Quaternion z^2+c pointed end view in parallel projection
DE Threshold 1e-6
Average cases for entire fractal

"True" -> calculated

1.0 -> 0.268576868120558
0.1 -> 0.0330877709877468
0.01 -> 0.00333153377206449
1e-3 -> 0.000601747860965648
1e-4 -> 0.000318767428809674
1e-5 -> 0.000195952986975526

Quaternion z^2+c pointed end view in parallel projection
DE Threshold 1e-6
Values for the centre ray (i.e. hitting the point on the real axis)

"True" -> calculated

1.0 -> 0.97783685049528
0.1 -> 0.0971841767897501
0.01 -> 0.0099424008139091
1e-3 -> 0.000999129722927703
1e-4 -> 0.00010003123154646
1e-5 -> 9.99071625909761E-006

Quaternion z^2+c side view in parallel projection
DE Threshold 1e-16
Worst cases for entire fractal

"True" -> calculated

1.0 -> 0.828694191861107
0.1 -> 0.0756118350632922
0.01 -> 0.00826812262793161
1e-3 -> 0.00623734563239439
1e-4 -> 0.00616447654586974
1e-5 -> 0.00593548110247801
1e-6 -> 0.002967740551239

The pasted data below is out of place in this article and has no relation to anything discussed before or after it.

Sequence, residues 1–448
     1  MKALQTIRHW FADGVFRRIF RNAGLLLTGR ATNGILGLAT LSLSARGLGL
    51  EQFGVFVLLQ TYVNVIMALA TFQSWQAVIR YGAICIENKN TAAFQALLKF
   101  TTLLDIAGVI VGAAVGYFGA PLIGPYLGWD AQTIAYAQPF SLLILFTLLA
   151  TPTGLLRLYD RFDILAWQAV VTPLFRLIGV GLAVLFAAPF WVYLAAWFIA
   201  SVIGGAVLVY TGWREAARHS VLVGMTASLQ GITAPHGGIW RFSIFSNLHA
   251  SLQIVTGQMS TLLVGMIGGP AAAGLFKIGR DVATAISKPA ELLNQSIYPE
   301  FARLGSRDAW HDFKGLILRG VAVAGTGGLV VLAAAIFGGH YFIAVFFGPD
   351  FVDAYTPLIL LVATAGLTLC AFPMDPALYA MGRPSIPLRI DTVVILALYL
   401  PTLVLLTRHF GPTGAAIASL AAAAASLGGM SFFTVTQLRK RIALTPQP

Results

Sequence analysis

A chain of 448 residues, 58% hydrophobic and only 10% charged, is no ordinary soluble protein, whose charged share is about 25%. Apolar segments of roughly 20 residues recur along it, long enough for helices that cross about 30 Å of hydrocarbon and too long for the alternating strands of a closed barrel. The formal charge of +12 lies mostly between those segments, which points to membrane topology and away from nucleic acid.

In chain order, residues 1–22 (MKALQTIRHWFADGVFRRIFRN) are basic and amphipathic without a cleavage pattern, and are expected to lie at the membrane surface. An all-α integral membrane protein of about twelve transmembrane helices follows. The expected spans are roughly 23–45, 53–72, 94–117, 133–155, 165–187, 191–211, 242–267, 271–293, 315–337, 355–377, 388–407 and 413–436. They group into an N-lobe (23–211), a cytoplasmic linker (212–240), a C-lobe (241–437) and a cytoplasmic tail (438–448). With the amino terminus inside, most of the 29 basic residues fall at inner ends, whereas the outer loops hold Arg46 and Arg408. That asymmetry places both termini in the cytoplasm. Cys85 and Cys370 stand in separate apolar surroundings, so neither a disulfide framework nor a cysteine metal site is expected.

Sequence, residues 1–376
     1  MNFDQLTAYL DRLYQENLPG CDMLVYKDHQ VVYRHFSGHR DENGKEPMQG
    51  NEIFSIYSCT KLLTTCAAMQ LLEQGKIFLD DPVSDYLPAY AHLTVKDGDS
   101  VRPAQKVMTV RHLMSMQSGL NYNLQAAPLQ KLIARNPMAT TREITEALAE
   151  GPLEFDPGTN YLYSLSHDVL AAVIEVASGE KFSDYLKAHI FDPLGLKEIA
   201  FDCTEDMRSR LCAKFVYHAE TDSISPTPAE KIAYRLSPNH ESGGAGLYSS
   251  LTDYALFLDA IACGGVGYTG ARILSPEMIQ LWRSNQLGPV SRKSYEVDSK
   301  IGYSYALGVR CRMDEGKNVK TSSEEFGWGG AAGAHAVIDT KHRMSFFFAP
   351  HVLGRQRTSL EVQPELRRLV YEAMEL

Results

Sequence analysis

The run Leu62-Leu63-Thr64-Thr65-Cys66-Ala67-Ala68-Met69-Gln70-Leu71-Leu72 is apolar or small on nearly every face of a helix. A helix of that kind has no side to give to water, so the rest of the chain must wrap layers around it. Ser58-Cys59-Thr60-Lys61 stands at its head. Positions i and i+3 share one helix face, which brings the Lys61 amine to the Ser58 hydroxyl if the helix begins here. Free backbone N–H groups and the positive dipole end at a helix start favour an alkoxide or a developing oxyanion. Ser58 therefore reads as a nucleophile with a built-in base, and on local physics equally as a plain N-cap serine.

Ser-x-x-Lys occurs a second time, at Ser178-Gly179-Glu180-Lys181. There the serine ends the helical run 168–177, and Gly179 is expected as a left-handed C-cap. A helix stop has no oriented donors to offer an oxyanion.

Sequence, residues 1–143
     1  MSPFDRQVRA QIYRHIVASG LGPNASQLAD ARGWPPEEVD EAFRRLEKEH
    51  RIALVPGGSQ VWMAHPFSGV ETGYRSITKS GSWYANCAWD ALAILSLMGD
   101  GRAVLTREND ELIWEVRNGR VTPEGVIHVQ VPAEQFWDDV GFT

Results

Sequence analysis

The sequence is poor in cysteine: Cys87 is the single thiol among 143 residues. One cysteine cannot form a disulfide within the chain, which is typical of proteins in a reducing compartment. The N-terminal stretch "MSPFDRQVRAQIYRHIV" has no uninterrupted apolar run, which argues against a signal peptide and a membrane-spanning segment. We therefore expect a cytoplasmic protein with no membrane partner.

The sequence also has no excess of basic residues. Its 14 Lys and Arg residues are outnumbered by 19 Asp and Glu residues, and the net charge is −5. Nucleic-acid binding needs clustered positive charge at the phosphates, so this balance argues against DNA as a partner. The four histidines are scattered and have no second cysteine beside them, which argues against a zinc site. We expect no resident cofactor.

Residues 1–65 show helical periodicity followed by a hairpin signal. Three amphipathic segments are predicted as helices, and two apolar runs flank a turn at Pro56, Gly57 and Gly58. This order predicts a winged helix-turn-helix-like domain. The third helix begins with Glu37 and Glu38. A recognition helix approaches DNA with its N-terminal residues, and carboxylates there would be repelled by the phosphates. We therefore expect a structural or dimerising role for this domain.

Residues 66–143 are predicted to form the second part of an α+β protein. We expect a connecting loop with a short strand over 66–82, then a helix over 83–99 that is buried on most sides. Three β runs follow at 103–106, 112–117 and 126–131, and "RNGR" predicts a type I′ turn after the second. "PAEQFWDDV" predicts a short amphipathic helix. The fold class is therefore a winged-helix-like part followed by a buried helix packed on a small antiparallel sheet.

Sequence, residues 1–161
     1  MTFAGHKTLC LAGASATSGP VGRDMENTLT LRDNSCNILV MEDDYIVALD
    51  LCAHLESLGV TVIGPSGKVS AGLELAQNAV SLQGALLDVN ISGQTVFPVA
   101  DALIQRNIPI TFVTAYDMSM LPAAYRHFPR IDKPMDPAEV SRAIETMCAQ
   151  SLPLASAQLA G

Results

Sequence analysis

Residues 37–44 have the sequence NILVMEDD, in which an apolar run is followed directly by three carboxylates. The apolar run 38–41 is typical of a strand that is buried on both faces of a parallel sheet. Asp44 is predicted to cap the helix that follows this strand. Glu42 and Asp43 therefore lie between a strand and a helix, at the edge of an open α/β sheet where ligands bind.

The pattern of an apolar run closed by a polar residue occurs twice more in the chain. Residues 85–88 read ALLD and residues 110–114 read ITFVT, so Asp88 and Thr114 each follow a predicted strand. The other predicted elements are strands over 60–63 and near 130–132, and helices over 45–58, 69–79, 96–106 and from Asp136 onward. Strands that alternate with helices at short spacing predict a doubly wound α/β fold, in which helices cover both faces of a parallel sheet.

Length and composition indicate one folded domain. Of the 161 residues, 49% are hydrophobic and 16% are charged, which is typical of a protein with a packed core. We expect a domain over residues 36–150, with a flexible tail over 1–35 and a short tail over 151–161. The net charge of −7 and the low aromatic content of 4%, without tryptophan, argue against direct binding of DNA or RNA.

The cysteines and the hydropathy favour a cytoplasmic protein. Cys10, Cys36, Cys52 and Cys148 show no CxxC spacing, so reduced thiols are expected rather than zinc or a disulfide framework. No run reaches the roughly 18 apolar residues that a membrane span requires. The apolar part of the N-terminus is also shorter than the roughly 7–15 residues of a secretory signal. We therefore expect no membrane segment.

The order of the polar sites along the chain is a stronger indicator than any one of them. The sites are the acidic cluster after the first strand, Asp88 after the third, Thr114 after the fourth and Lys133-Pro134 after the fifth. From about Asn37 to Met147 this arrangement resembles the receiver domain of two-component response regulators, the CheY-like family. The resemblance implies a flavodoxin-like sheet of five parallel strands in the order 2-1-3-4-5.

1e-7 -> 0.0014838702756195
1e-8 -> 0.000741935137809751
1e-9 -> 0.000370967568904876
1e-10 -> 0.000185483784452438
1e-11 -> 9.27418922262189E-005
1e-12 -> 4.63709461131094E-005

Quaternion z^2+c side view in parallel projection
DE Threshold 1e-16
Average cases for entire fractal

"True" -> calculated

1.0 -> 0.470218381043924
0.1 -> 0.0277514611184807
0.01 -> 0.00273875075822565
1e-3 -> 0.000537604762798528
1e-4 -> 0.000298158908926989
1e-5 -> 0.000185850698115385
1e-6 -> 9.97458957492159E-005
1e-7 -> 5.0596384017043E-005
1e-8 -> 2.53716863807056E-005
1e-9 -> 1.26919229340975E-005
1e-10 -> 6.34662886913257E-006
1e-11 -> 3.17331443456628E-006
1e-12 -> 1.58665721728314E-006

Quaternion z^2+c pointed end view in parallel projection
DE Threshold 1e-16
Worst cases for entire fractal

"True" -> calculated

1.0 -> 0.977836860473067
0.1 -> 0.097184186106234
0.01 -> 0.00994241047465512
1e-3 -> 0.00291124435480221
1e-4 -> 0.00284246358773596
1e-5 -> 0.00283552550759178
1e-6 -> 0.0019832407359585
1e-7 -> 0.00182386184009324
1e-8 -> 0.000911930920046621
1e-9 -> 0.000786028563546067
1e-10 -> 0.000786028308654553
1e-11 -> 0.00078602828316538
1e-12 -> 0.000786028280616523

Quaternion z^2+c pointed end view in parallel projection
DE Threshold 1e-16
Average cases for entire fractal

"True" -> calculated

1.0 -> 0.268571283431845
0.1 -> 0.0330876101698883
0.01 -> 0.00333120301202227
1e-3 -> 0.000602036669078832
1e-4 -> 0.000319200775195032
1e-5 -> 0.000198471399420637